Kimbali Harding

Q. First Name:
R. Kimbali

Q. Last Name
R. Harding

Q. When did you join SYO?
R. I joined SYO in 1991, under the baton of Henryk Pisarek. I was a 12 year old kid from the Blue Mountains, who made the trip down to Sydney every Saturday to rehearse at the St. Lawrence hall next to central station.

Q. What instruments did you play in SYO?
R. Violin

Q. What is your favourite memory of SYO
R. I think one of the first pieces that I played with SYO was the Academic Festival Overture by Brahms. Now as a more experienced musician, I am not such a fan of this piece, but at the time it was the first experience of being in the full symphonic sound. I was at the back of the second violins and the French Horn section just ripped open at the climax. It was like sitting in the middle of the second coming – it was so powerful! Nowadays we have Bose surround sound in our home theatres etc. But nothing could compare to the first experience of sitting in the ‘wave’ of the brass section. I was so in love with the french horn players – I completely idolised them as the ‘cool’ kids.

One of my worse and best memories is when Henryk asked me to solo with the chamber orchestra as part of the concertante part for Christmas concerto… and then on the day of the performance at Verbrugghen Hall I forgot my music. The poor staff had to run around the conservatorium library, frantically searching for a part. I don’t know why I am sharing this – it reflect very poorly on my organisation skills as a teenager. Anyway the performance went ahead, and despite the most appalling and bizarre wrong note that I smashed out in the second movement (I think my brain just momentarily stopped) where Henryk just gave me the most surprised look (it was a pretty random note) the performance was awesome. I think this is one of my favourite memories because all of the drama beforehand made the success and outcome all that more sweeter. ….. I am not suggesting that anyone should try and increase the amount of drama before a performance!

Q. What role does music play in your life?
R. Music is my life. I can’t imagine a life without music. The various stages of my life and the hats that I have worn have evolved/shifted (as they do), but the constant is Music, Young People and Education.

After my time in high school and with SYO, I focused on solo classical piano and it took me around the world, with studies in France and competitions in Europe. Eventually I realised that wasn’t the life for me (practically I wasn’t that good and selfishly it is a very lonely journey). I started looking for something different, but Music was always at the centre of that conundrum.

The journey to date: I am a lapsed violinist, sometimes pianist, conductor of choirs and youth orchestras and now leading Australia’s national youth orchestra – it is an awesome job (BTW) to work with the best musicians of the next generation – but ultimately, at heart I am a music teacher.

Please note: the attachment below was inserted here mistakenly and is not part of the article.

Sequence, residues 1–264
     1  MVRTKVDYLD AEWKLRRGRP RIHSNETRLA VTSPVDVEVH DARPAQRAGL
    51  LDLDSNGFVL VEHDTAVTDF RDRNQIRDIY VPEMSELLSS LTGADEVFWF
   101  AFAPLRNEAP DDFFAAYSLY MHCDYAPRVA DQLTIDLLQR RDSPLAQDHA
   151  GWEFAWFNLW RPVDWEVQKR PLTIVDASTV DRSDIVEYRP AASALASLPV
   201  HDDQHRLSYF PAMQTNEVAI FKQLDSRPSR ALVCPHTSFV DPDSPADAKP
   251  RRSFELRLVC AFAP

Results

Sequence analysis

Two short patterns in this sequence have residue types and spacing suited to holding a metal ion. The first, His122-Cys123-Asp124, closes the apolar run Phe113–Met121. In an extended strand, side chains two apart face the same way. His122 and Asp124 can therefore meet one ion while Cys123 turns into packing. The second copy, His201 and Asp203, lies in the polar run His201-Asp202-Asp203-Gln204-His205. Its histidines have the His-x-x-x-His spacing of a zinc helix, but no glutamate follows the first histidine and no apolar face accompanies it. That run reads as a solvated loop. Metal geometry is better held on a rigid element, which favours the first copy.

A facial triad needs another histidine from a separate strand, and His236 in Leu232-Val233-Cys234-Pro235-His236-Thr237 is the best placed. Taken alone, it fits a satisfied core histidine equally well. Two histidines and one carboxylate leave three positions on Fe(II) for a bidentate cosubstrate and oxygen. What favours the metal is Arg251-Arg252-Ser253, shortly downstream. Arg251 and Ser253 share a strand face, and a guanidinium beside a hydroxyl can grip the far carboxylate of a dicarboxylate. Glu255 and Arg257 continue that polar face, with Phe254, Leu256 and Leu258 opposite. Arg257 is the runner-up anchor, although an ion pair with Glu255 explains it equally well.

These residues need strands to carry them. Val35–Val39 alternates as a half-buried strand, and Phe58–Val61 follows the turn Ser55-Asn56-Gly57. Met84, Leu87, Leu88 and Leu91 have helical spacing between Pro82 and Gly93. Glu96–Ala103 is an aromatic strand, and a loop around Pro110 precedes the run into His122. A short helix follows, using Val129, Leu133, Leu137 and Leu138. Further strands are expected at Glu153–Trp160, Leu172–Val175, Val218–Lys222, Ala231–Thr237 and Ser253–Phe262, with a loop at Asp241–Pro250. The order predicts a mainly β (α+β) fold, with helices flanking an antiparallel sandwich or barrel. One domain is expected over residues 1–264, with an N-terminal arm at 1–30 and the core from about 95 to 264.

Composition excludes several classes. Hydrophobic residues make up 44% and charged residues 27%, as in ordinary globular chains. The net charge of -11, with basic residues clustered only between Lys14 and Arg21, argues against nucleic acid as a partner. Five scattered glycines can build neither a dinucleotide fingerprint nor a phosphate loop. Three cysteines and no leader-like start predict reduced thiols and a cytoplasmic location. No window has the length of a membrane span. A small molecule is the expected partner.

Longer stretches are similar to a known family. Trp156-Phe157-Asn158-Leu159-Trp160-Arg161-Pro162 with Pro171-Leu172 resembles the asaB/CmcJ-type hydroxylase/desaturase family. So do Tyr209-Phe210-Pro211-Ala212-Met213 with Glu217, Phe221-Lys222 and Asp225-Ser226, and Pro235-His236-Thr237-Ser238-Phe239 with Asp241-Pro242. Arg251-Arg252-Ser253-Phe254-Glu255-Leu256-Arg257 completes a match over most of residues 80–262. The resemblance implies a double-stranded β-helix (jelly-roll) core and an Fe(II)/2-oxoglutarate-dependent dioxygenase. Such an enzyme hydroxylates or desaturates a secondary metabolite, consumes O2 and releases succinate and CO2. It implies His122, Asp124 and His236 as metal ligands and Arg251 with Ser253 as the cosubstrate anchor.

The wonderful thing about being a music teacher, is that you are also a music learner – you never stop learning! You get to experience music with or alongside your students – sharing, exploration and discovery is more powerful when it is with other people. That is why the youth orchestra is so important, because you collectively make something that is greater than what is possible alone, and together you experience the story, the emotions, the energy. Music ultimately is connection – connection with people in the moment, or to the ‘human experience’ in a more abstract fashion.

I am lucky that I found my passion so early in my life, and that I have had the opportunities to develop that passion with mentors and roles that allow me to develop. Despite, my very narrow focus on music – within the world of music there have been many hats and roles that I have explored. As a student I studied as a performance major, but I also took on courses in the wider humanities, took on language studies, musicology, education, and management. As a professional I have started community choirs, conducted youth orchestras, worked as Director of Education with Musica Viva, taught at schools across Australia and New Zealand, lectured at universities in music education, took on teacher mentoring and am now CEO of the Australian Youth Orchestra.

I like to keep an open mindset and say yes to opportunities/organisations that have alignment of passion and values. My practical music experiences also reflect this – they are a bit eclectic. From violinist, to classical pianist, to repetiteur, to chamber musician, to conducting choirs, orchestras ….. and even symphonic bands and jazz bands (although transposing scores and instruments still give me a headache, and I still am not entirely convinced by the band ‘idiom’ – give me symphonic orchestras any day!)

Even though I love actively making music, a lot of my day-to-day work is in the space of advocacy. Advocating for quality music education and training opportunities for our children and young people. We need to have excellence in the classroom from the very early developmental years, all the way through to the learning opportunities for our most exceptional young artists who are cresting into the professional world. There is still a lot of work to be done to remind our communities and leaders that this is the right of every child and should not be the purview of the lucky few.

Q. What is your favourite musical repertoire from the SYO performances?
R. Tchaikovsky Symph 5, Pines of Rome (Respighi), Night on Bare Mountain.

Q. What advice would you give young musicians today?
R. Be brave. Be Kind
Resilience is a better superpower than brilliance.
Don’t forget to laugh.

LinkedIn Profile: Kimbali Harding

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